“We’re comfortable in Snake Creek society,” says Tober, gazing at the road ahead. “We’re comfortable in the wilds and on the farm and in little coastal towns. We learned about the world from our mother who abandoned city life to live far from the madding crowd, and from a Wailaki mystic who dwells deep in the forest. And the big question for me is, do I want to learn how to live in a city and become adept at interfacing with the so-called modern world? And if not, then what am I going to do with the rest of my life? Stay on Snake Creek Road and grow vegetables and apples and raise chickens and play music with you and Mom? Search for stones, work as a carpenter, and maybe one day marry a local gal and have kids and raise our children as we were raised and carry on like that until the world burns up?”

“Or we could think of our farm as a base camp,” says Augie, smiling through his tears. “From where we sally forth on journeys of exploration, one of those journeys taking me to Mountain Home Idaho where I take guitar lessons from Beckman.”

“And I come with you and we make music with Beckman and Jasmy in their recording studio,” says Tober, warming to the Beckman scenario. “And we make an album that some aspiring musician hears and she is inspired by our music to write a song she performs in a park, and someone walking by hears the song and his heart breaks open and he’s set free from some deep sorrow that has tormented him his whole life.”

“Ambition,” says Augie, imitating Titus’s voice. “You, October, have ambitions to make music that goes beyond Snake Creek Road and the Arcata Playhouse. You have ambitions to add your fire to the greater cultural tumult. But are you willing to pay the psychic toll to do so?”

“That is a good question,” says Tober, nodding solemnly. “Another good question is… want me to drive?”

“I would love you to drive,” says Augie, pulling over onto the wide shoulder. “That way I can sob uncontrollably without endangering our lives.”

“When I was sitting in those lectures,” says Augie, speaking of his brief time as a graduate student in Clinical Psychology, “and the seemingly disinterested professors were professing theories now abandoned by those aware of the latest discoveries in neurobiology, I kept thinking how there is nothing these people could teach Titus and everything he could teach them, which is when I realized I should be studying with Titus, not them, and that the best way for me to become an effective psychotherapist would be to learn as much as I can from Titus before he dies, and for him to supervise me as I confer with various guinea pigs such as yourself.”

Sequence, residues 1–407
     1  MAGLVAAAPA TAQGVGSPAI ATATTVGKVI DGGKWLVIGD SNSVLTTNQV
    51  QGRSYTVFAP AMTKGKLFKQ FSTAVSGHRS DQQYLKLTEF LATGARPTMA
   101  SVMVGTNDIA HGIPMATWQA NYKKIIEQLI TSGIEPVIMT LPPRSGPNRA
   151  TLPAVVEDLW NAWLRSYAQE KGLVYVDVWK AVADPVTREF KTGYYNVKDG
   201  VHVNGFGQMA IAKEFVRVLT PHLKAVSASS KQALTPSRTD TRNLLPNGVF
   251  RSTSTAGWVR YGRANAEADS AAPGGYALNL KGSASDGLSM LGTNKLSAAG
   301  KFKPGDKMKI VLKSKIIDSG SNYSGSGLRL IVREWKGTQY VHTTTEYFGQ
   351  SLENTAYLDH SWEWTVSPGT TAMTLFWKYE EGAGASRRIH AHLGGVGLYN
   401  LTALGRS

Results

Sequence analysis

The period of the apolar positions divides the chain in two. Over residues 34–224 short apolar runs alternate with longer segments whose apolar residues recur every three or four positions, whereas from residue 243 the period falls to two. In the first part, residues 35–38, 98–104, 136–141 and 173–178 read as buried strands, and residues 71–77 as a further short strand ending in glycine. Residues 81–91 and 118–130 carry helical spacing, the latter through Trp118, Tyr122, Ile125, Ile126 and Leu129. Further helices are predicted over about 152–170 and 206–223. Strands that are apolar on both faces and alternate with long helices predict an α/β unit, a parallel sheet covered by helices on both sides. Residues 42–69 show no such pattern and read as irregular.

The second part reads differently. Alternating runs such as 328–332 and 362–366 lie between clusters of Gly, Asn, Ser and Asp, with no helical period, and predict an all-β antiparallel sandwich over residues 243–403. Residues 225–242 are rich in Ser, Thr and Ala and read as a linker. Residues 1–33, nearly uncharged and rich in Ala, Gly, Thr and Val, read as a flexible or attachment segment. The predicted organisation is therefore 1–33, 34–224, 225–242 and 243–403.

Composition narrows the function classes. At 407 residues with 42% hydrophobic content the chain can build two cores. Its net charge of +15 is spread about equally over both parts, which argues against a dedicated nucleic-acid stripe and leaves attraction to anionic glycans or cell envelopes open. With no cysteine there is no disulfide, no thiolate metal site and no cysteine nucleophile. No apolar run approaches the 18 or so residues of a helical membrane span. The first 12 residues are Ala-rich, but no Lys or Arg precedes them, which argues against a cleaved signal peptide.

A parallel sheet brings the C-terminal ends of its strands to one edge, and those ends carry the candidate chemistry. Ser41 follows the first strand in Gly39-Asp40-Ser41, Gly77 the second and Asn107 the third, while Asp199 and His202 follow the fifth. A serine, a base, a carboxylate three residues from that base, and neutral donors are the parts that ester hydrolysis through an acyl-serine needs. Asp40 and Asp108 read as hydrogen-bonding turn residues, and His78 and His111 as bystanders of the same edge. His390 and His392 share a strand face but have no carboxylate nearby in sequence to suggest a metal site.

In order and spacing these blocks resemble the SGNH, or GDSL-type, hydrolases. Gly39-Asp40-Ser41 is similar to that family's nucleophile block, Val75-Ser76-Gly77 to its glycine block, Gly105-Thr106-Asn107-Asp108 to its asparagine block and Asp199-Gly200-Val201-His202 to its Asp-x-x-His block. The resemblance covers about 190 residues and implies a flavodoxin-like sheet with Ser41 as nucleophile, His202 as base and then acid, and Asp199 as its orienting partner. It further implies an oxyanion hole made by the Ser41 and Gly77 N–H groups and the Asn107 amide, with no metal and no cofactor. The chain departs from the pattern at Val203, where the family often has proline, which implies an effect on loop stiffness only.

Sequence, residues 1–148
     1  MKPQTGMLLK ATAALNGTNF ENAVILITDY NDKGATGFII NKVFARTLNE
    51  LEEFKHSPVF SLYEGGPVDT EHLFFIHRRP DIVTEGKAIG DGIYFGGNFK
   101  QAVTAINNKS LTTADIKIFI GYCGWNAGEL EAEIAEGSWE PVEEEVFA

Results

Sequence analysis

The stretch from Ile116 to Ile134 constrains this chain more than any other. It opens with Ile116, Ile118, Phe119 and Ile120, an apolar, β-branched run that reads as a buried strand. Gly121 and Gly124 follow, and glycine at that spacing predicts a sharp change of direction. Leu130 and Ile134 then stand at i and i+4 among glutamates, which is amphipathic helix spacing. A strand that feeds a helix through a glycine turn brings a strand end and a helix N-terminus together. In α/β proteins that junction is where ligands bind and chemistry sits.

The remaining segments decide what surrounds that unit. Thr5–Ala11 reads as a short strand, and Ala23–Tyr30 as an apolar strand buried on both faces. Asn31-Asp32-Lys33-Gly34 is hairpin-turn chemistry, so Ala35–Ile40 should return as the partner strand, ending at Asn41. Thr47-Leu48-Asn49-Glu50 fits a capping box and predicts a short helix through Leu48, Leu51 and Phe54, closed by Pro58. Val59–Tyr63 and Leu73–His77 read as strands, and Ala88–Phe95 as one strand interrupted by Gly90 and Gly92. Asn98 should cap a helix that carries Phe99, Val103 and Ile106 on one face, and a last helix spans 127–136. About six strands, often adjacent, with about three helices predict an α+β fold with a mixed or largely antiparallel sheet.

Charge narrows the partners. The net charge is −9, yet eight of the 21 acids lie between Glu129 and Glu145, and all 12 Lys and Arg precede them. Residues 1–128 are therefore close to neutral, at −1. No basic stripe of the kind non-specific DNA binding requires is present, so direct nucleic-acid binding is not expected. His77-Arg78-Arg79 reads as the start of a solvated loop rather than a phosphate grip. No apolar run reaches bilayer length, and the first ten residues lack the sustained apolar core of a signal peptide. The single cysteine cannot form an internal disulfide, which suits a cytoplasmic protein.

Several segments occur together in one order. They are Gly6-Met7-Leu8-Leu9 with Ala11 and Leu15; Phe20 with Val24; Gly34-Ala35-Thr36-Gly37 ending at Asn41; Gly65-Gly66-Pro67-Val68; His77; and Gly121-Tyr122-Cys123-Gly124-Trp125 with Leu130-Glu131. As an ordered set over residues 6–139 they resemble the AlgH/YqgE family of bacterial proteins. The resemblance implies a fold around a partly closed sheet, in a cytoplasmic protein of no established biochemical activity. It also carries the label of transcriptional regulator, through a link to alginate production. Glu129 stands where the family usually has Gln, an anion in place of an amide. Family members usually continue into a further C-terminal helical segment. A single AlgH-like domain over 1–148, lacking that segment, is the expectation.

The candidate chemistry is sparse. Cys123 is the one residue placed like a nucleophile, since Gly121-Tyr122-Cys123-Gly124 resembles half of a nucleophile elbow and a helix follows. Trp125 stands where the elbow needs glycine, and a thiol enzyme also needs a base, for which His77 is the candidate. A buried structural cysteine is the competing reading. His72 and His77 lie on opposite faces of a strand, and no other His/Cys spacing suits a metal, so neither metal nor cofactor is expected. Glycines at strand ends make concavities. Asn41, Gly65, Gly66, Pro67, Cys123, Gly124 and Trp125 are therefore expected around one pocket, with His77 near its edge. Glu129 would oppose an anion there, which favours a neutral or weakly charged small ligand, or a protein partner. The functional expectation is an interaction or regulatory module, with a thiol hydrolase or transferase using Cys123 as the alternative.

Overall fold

“I’m ready,” says Tober, his stomach growling. “Let us begin my psychoanalysis right after we’ve had some breakfast. Surely Cannon Beach will have eateries galore, and if not galore then some.”

In the little tourist town of Cannon Beach, they find a lovely breakfast joint, the Lazy Susan Café, and sit at a table from where they can look out a window and see their truck while they feast on spicy mushroom omelets and fried potatoes and English muffins and orange marmalade.

Sipping lattes to complete their morning feast, Augie says, “I assume we inherited our mother’s ambition, which she inherited from her mother. Which is to say, despite our mother modeling contentment with being a homesteader and a small town musician, we nevertheless came to believe we were meant to perform on larger stages. In my case, ambition manifested as a desire to become a star in the fields of psychotherapy and neurobiology, and in your case ambition manifested as a desire to become a world famous musician.”

“Hold on,” says Tober, waving away his brother’s assertion. “I had no such ambition until I played ‘Manha de Carnaval’ with Beckman for a thousand people who went bonkers when we finished playing. It was during that tempest of adulation that my larger ambition took hold. Prior to playing with Beckman and Jasmy, I was content to be an Eel River fiddler, and I hope to regain that contentment after a few days of breathing our native air.”

“You may not have been consciously aware of your grandiose desire until you performed with Beckman,” says Augie, looking out the window at their little white truck basking in sudden sunlight, “but I contend the inherited seed was already well-sprouted.”